Which Came First? The Chicken Color or the Egg Color?
Pearly white, cream, yellow, brown, gray, blue, violet, green, olive. Chicken eggs are colorful even before they're dyed and decorated for Easter celebrations. "The color of eggs comes exclusively from the pigment in the outer layer of the shell and may range from an almost pure white to a deep brown, with many shades in between. The only determinant of egg color is the breed of the chicken. . . . A simple test to determine the color of a hen's eggs is to look at her earlobes. If the earlobes are white, the hen will lay white eggs. If the earlobes are red, she will produce brown eggs" (David Feldman, Why Do Clocks Run Clockwise? and other Imponderables, 1988.
Poultry expert Katie Thear notes that "All eggs are initially white, and shell color is the result of the pigments called porphyrins being deposited while the eggs are in the process of formation. In the case of the Rhode Island Red, the brown pigment protoporphyrin, derived from haemoglobin in the blood, is what gives the shell its light brown color. The Araucana produces a pigment called oocyanin, which is a product of bile formation, and results in blue or bluish-green eggs. Interestingly, the color goes right through the shell, making the eggs difficult to candle [i.e., test for freshness by holding up to the light] during incubation."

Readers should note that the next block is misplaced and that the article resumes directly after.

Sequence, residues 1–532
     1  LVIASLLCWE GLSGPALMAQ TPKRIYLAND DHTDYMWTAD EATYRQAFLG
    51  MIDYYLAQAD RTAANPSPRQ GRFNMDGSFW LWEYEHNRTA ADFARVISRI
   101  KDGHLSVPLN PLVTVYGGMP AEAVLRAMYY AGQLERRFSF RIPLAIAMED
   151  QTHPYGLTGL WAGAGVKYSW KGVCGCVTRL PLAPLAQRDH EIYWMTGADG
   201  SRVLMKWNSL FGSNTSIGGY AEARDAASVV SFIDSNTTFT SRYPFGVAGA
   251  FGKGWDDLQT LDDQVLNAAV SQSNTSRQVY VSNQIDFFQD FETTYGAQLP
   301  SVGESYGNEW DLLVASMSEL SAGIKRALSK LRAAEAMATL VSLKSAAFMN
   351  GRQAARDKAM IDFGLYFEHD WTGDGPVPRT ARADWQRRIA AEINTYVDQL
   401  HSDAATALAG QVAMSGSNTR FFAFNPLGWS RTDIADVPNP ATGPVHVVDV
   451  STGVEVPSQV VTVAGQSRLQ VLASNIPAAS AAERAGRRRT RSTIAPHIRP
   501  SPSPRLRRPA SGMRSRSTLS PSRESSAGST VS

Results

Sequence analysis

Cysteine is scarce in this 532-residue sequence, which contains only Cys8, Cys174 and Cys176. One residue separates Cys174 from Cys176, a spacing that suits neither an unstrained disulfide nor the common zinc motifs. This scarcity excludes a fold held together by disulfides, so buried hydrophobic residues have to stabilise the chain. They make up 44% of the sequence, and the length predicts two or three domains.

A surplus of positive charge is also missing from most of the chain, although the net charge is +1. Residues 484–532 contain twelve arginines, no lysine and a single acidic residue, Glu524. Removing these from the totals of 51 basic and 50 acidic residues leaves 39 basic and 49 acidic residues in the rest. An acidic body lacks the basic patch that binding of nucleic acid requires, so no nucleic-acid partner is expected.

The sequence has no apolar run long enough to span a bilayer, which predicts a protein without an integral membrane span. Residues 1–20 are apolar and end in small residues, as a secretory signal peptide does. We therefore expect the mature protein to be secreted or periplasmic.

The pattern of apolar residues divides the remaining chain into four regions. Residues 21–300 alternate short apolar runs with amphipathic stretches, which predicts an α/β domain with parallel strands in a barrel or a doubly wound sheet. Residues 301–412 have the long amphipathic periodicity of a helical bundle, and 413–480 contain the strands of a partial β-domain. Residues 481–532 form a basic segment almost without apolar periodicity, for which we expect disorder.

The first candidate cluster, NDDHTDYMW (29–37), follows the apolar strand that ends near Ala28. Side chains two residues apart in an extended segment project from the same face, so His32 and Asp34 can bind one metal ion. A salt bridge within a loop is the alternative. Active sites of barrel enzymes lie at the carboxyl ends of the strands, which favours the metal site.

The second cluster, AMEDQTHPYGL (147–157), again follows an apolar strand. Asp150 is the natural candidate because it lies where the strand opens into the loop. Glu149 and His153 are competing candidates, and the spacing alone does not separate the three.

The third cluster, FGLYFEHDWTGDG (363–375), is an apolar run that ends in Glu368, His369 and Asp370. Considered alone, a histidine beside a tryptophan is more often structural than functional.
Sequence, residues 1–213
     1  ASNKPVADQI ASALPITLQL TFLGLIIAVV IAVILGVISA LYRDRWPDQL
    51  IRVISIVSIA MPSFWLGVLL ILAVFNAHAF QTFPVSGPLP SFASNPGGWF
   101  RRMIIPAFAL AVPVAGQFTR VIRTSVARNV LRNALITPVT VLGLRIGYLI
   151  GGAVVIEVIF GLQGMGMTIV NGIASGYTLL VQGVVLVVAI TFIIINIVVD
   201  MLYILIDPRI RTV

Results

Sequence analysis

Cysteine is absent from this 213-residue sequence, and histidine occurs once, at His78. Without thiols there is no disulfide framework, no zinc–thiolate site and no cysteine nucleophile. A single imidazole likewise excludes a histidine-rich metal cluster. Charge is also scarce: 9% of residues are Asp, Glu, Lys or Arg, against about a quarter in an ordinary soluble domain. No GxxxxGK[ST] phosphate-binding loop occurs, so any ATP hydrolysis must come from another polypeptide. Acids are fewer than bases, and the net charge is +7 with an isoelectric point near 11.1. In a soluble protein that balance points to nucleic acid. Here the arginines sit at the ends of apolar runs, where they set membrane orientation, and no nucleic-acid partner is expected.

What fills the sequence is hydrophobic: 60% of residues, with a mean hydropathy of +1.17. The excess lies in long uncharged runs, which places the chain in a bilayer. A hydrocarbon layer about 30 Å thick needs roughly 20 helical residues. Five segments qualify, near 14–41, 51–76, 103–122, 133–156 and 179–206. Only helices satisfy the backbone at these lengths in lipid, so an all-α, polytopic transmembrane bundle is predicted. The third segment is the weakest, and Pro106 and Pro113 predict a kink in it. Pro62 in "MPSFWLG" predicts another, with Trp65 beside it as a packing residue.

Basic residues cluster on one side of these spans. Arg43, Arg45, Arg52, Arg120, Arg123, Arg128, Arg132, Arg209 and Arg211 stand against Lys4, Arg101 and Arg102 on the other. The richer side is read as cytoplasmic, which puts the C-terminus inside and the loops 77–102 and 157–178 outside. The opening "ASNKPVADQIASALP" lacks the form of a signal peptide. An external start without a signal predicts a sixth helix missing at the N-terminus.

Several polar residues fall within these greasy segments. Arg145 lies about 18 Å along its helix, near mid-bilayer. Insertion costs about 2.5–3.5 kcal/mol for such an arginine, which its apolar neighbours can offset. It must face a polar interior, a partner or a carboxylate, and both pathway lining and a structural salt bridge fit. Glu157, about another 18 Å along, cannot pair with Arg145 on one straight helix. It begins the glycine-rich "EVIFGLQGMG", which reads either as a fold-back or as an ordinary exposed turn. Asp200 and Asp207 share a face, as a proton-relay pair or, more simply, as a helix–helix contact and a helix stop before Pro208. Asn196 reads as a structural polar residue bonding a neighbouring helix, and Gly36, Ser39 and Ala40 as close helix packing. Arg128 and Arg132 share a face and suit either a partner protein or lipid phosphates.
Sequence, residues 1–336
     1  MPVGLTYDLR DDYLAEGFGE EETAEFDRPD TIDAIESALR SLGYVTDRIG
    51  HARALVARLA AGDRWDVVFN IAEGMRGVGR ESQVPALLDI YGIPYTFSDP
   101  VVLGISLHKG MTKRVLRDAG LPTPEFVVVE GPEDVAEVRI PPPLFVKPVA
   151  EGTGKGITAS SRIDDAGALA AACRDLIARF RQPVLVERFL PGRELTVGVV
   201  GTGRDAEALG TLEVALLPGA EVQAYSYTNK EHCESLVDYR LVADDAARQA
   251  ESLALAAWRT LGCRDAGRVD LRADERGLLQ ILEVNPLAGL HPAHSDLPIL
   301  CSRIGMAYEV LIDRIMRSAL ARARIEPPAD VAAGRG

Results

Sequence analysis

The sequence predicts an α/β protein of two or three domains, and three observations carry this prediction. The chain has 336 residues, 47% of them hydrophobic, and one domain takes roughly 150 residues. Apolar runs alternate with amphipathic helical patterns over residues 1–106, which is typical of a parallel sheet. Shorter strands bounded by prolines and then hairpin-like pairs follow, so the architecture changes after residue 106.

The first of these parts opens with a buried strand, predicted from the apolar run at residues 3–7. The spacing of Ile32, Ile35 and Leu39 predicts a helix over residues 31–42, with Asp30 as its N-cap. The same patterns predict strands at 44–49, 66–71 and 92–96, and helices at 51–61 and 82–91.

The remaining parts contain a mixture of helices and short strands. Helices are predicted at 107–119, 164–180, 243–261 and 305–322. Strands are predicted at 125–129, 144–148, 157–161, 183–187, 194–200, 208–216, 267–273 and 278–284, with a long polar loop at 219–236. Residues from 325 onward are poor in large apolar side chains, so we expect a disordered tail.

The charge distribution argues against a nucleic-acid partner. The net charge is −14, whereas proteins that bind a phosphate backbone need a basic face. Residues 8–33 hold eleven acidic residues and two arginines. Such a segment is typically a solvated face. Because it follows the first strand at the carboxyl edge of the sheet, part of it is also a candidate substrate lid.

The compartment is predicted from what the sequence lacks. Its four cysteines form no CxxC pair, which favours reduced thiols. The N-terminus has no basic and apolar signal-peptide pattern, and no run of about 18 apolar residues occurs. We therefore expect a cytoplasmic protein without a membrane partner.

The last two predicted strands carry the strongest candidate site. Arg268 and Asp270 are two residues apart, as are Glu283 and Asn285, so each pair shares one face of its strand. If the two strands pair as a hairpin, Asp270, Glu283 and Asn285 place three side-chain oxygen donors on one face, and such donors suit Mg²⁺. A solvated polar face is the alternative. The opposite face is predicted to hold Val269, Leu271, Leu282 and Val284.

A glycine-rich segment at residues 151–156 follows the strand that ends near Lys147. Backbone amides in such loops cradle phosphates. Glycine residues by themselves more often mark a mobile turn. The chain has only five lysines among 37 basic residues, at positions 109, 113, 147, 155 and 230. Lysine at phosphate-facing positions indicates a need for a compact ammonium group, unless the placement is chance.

Interestingly, the light of the sun can fade the color of an egg's shell, even before it has been laid. This is a phenomenon that especially affects free-range chickens in hotter climates. "Although shell color is mainly determined by genetics, the effect of strong sun and high temperatures on the hens can produce a fading effect on the shells. Why too much sun affects the surface pigmentation in this way is unknown, but it can be a problem for those who sell such eggs," Thear says. She notes that stress, premature laying, changes in diet, bullying, viral infections, and the presence of predators can also lead to eggs with pale colors.
[Read the entire article in my guest blog at ColourLovers.com.]